When you look back onto the 20th century, there are two names of artists who practiced within the collage medium that, in a sense, have a deep influence over the works of Franco Fasoli. I think of the Dadaist and the eloquence and almost surreality in the works of Max Ernst and an artist who later was influenced by his works in Robert Rauschenberg. Where Ernst at times was playful and almost absurd, displacing the viewer with seemingly disparate and yet coherent thoughts, Rauschenberg stitched, sewed, combined and reinvented the medium into a painting. Rauschenberg told the story of culture as it was at the time; social unrest, politically volatile, media enlargement, pop-cultural explosions, the American Dream and, therefore, the American hegemonic push. Ernst saw that everything was art, and everything could be placed together. They were kindred spirits who took art into different directions.

I bring these two artists up in relation to the works of Franco Fasoli because of the creation of his own works. There is a redefining of a medium and the telling of a personal narrative that is striking. What people perhaps got wrong about Dada or Neo-Dadaist or even the Pop Artist is that even as they were toying with what we consider High Art of just plain Art with a capital A is that there was something inherently personal in the works. Collage may seem like an almost anti-self, something more created at a distance and trying to make sense of a larger picture of life, Ernst and Rauschenberg dug deep into something more humane and eloquent when it came to self. Fasoli is found here, pushing a medium of collage into a personal narrative but also a medium to be flexible, malleable, evolving and during a historic moment of constant uncertain shifts (like the WW1 era of Ernst and the post WWII world of Rauschenberg), letting the work speak to the very moment it's made in. Rauschenberg once said,  “I think a painting is more like the real world if it's made out of the real world.” So begins the new body of work by Franco Fasoli in 2023.

Years ago, as a growing international street art movement transformed our imaginations of what a mural could potentially be, an artist on the streets of Buenos Aires was demonstrating how historic social realism and contemporary street works could exist in harmony. Franco Fasoli, known then as JAZ, made the street a stage for which his art could perform. His history in building theater sets lent his work to this sort of dynamic and scale; he could take a story he had written, visually, and make it interact with a city in ways many artists could not. His uniqueness was profound. His practice was a juxtaposition of eras and techniques, as street savviness that was intertwined with his love of fine art. In theater design, he made what was stationary come to life with movement and energy, expanding the viewer's imagination and creating fantasy worlds that transported the senses to someplace else, somewhere else.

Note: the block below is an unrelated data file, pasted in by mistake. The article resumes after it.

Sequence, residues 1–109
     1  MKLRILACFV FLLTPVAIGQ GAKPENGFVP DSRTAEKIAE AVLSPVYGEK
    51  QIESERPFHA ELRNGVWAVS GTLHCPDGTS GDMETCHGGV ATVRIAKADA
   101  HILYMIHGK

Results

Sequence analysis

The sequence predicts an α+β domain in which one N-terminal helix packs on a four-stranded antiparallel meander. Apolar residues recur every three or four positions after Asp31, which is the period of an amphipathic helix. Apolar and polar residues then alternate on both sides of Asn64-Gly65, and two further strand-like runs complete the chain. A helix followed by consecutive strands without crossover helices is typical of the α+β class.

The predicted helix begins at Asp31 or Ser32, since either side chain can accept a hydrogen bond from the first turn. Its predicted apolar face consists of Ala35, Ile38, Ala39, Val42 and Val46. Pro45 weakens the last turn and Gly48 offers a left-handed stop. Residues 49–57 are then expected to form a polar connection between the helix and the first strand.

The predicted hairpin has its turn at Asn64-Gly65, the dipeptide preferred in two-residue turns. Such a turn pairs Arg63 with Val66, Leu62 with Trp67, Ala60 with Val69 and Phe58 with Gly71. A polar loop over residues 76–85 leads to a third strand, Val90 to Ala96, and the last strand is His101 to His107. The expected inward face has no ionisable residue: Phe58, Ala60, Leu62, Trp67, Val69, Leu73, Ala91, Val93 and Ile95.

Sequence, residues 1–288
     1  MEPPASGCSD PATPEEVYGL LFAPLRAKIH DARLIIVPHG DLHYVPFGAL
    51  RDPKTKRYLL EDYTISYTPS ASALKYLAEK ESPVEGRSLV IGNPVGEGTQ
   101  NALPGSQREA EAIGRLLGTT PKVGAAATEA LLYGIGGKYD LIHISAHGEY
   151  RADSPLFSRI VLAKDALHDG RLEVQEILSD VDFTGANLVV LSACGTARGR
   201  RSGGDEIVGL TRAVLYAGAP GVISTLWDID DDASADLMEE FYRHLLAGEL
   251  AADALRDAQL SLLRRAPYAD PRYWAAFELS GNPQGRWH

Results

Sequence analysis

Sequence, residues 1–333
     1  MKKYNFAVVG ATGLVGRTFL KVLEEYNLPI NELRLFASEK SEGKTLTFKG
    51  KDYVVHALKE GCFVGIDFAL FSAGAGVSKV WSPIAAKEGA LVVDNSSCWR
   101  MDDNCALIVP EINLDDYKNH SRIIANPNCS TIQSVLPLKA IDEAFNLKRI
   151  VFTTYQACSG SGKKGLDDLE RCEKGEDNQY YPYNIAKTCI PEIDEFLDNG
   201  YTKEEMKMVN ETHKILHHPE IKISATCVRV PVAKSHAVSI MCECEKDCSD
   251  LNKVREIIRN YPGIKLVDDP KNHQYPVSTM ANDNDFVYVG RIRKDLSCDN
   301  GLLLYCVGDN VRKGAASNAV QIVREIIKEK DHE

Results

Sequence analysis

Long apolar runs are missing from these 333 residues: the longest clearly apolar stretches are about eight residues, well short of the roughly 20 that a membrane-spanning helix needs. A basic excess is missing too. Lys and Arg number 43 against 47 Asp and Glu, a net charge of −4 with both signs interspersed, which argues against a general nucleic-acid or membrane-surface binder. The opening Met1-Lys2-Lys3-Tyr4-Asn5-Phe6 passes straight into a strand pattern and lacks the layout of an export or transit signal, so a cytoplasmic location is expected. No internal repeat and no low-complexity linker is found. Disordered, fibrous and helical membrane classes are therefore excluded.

This became a stepping stone to his studio practice, which is where we find him now, with Parallel Realities being a culmination of his experimentations into collage and sculpture. Collage was the perfect and harmonious direction for his passion. Here, he could combine materials and create layers of movement and history to each canvas. He once said, “I find collage as a juxtaposition of all these things, a more formal way to work with color, paint and scissors… all these clashing situations, but at the same time, a fragile mural hanging by wires.”

As the world seems to both emerge from and diverge into the most confounding moments in recent memory, Fasoli is using the collage technique to think about his past, present and future, not just a personal journey but as a universal theme of what everyone began to face during the pandemic. Parallel Realities sees the artist working more with overlapping imagery, mixing his own childhood memories of Otaku subculture that helped define his life in Latin America in the 1990s. An often overlooked phenomenon of globalization is the ways in which artistic subcultures find a home in the most faraway of places. This was the case for how anime emerged as a popular and influential art form in Latin America. For a young man in Argentina, growing up a decade removed from a tumultuous era of the Lost Generation, escapism was pertinent and a necessary tool for survival. These are the histories that Fasoli comes from, and his unique crafting of collage works question what it is we see as fiction and reality.

“These works are like a small portal to another dimension,” Fasoli says of the works in Parallel Realities. And throughout the works, there is a sense that Fasoli himself if trying to time-travel, to re-encounter his past self and the feelings and inspirations he had as a young man. His recurring tiger character emerges, an almost metaphorical self trying to protect an identity, or enlarge one through a fantastical beast. There is a continual thread of video game and anime culture throughout, where the game and cartoon characters burst from the screen and submerge themselves into Fasoli’s life.

Memory has an interesting way of becoming, for lack of a better term, a collage of what it is we wanted our past to be and what we can summon up in our minds as to what it actually was. Fiction and reality, fantasy and truth. The beauty in Fasoli’s work is that you can see these personal assessments of self play out into the work, a story of his life that is still developing. Memory isn’t something that is perfect, but Fasoli explores how we can make memories become larger than life.

Text by Evan Pricco, August 2023

VINS Gallery in Taipei is pleased to present
PARALLEL REALITIES, a new solo exhibition of works by Barcelona-based, Argentinian-born artist, Franco Fasoli. This is the artist’s first exhibition with the gallery.